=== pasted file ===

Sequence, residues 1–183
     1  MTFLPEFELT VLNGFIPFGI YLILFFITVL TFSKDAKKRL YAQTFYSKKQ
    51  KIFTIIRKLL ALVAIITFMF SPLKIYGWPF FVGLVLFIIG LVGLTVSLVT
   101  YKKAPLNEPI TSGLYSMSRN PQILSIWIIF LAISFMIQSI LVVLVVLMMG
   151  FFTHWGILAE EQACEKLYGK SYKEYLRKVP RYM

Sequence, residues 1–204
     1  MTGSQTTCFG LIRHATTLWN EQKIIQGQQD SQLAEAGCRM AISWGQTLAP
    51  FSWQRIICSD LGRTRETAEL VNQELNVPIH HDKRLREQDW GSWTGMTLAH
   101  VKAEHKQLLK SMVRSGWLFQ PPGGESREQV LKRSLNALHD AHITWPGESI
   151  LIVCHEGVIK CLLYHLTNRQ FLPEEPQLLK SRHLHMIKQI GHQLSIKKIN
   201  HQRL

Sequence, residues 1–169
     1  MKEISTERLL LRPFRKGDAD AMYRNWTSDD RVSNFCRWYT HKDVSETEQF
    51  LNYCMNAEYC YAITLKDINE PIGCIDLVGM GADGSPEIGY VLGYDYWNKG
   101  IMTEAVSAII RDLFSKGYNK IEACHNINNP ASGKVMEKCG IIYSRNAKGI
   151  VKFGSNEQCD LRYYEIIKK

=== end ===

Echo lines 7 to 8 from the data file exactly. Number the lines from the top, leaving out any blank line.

     1  MTGSQTTCFG LIRHATTLWN EQKIIQGQQD SQLAEAGCRM AISWGQTLAP
    51  FSWQRIICSD LGRTRETAEL VNQELNVPIH HDKRLREQDW GSWTGMTLAH